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CNHS - Laura Secord (1775 - 1868) ~ Queenston, Ontario, Canada
Posted by: Groundspeak Premium Member monkeys4ever
N 43° 09.848 W 079° 03.323
17T E 658081 N 4780877
Quick Description: Located at Laura Secord's homestead at the corner of partition Street and Queenston Street in Queenston.
Location: Ontario, Canada
Date Posted: 5/21/2010 12:28:33 PM
Waymark Code: WM8WFR
Published By: Groundspeak Premium Member The Blue Quasar
Views: 23

Long Description:

Laura Secord (1775 - 1868)

This celebrated heroine of the War of 1812 is a renowned figure in Canadian History. Determined to warn the British of an impending attack on Beaver Dams, Secord set out from her home on June 22, 1813, on a dangerous mission. She traveled alone for over 30 kilometres behind enemy lines, struggling to make it to the De Cew farmhouse, where she informed Lieutenant FitzGibbon about the American plan. Later in the 19th century, a first generation of women historians championed Secord's courageous deed with the goal of uncovering and popularizing women's contributions to the history of Canada.

Laura Secord Homestead History

Home of Canada's Most Famous Heroine

Laura Ingersoll Secord, heroine of the War of 1812, came to Upper Canada from Massachusetts with her father and siblings in 1795. Her father, who had sided with the Patriots during the American revolution, came to Canada in hopes of regaining his lost family fortune. The Ingersolls settled in the Niagara Peninsula and opened a tavern. It was in Niagara that Laura met James Secord, a United Empire Loyalist. Two years after her arrival, Laura and James were married. In the early 1800's the Secords moved to Queenston from nearby St. David's. It was from this Queenston homestead that Laura Secord began the journey that has earned her a place in Canadian history.

The Secords had been ordered to billet American soldiers in their home. On the evening of June 21, 1813, Laura and her husband James overheard an American plan of an impending attack on British forces. The Americans were planning an assault against Lt. James Fitzgibbon at Beaverdams. With that position captured, the Americans could control the entire Niagara Peninsula. Upon hearing the plan, the Secords knew that Fitzgibbon must be warned. Injured at the Battle of Queenston Heights the previous October, James could not attempt the journey. Despite the danger and harsh unsettled country, Laura decided she would go to warn Fitzgibbon.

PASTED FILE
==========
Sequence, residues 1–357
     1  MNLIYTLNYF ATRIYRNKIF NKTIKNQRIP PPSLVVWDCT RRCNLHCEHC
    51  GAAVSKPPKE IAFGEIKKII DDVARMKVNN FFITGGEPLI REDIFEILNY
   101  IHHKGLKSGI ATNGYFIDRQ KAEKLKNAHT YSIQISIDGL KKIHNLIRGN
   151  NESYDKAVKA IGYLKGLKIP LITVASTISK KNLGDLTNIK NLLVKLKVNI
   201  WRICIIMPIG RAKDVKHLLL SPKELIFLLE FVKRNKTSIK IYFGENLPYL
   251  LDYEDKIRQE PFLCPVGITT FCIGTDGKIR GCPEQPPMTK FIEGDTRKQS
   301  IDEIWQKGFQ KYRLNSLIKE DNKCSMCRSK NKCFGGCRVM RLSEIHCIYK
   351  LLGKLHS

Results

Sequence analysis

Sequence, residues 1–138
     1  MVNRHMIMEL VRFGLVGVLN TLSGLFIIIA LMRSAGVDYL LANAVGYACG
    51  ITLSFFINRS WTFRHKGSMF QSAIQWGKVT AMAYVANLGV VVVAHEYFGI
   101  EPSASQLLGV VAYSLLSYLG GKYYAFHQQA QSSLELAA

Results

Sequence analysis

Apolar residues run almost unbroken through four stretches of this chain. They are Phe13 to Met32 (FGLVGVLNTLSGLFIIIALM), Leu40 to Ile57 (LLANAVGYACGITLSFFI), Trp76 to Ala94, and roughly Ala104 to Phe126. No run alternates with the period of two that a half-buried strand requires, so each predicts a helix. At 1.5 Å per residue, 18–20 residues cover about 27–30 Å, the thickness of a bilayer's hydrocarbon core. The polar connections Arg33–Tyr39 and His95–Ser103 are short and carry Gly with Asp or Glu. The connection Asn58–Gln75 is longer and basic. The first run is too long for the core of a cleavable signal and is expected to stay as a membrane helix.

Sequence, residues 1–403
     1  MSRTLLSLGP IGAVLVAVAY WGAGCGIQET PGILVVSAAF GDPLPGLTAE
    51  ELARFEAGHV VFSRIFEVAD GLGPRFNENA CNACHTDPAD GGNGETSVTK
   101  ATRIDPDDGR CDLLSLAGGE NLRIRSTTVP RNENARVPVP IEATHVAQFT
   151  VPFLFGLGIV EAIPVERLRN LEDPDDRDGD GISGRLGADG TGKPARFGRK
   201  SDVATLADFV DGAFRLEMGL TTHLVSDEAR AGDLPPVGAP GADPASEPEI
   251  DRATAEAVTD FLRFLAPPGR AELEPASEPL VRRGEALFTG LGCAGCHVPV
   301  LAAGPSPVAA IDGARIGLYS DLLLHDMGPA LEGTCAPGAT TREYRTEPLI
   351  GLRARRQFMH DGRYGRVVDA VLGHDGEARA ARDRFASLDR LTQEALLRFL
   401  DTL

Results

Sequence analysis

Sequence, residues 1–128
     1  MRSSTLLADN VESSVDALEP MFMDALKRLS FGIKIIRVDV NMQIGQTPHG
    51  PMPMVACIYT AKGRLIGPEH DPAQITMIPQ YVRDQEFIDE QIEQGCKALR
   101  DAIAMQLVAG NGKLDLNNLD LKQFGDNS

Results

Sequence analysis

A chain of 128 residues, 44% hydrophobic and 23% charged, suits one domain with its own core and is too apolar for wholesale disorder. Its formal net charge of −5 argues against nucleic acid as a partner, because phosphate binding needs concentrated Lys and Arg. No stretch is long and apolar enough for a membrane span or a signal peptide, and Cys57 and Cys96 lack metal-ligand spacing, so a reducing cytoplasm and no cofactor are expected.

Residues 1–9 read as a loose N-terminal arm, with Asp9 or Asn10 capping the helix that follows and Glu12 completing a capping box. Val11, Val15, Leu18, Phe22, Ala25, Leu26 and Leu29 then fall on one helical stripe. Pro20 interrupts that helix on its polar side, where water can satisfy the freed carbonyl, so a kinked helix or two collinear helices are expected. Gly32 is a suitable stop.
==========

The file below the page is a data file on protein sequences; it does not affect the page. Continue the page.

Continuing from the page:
Her journey along a 32 km (20 mile) treacherous route took more than 18 hours to complete. Fearing discovery by American patrols that were in possession of that part of Niagara, Laura Secord daringly made her way to DeCew house on the outskirts of Thorold. The dangers of such a journey were many - wolves, wildcats and rattlesnakes were common in the peninsula at this time, as were unfriendly Native forces. A woman walking alone toward enemy lines risked being arrested or even shot. Overcoming exceedingly hot temperatures and wild, unsettled land, Laura trekked through thick woods and across unbridged streams, tattering her slippers and leaving her feet blistered and bleeding.

At Beaverdams, Laura encountered Native forces who were allies of the British. Upon hearing her news, they accompanied her to DeCew house where she was able to deliver her vital message to Fitzgibbon. As a result, the Native forces, under the command of John Norton and Dominique Ducharme, ambushed the invading Americans and defeated them at the Battle of Beaverdams, June 24, 1813.

Although Laura was due much of the credit for the victory, her heroism was soon forgotten. It wasn't until 1860, almost fifty years later, that Laura received recognition of her act during a visit by Edward, Prince of Wales. She died in 1868 at the age of 93 and is buried in Drummond Hill Cemetery. In 2003, the Minister of Canadian Heritage designated Laura Secord a Person of National Historic Significance for her heroic actions during the War of 1812.

The Secord Homestead in Queenston was reconstructed in 1971 by Laura Secord Inc. Open for tours during the summer months, the Homestead features authentic furnishings of the 1812 period. The company's signature chocolates and ice cream are available in an annex building, which was built where the original summer kitchen is thought to have been located.

In 1998, through the generous gift of Laura Secord Inc., the Laura Secord Homestead became part of the public trust, enabling The Niagara Parks Commission to ensure the Homestead's preservation and safekeeping for future generations.

Information taken from: Visit website

Classification: National Historic Person

Province or Territory: Ontario

Location - City name/Town name: Queenston

Link to Parks Canada entry (must be on www.pc.gc.ca): [Web Link]

Link to HistoricPlaces.ca: Not listed

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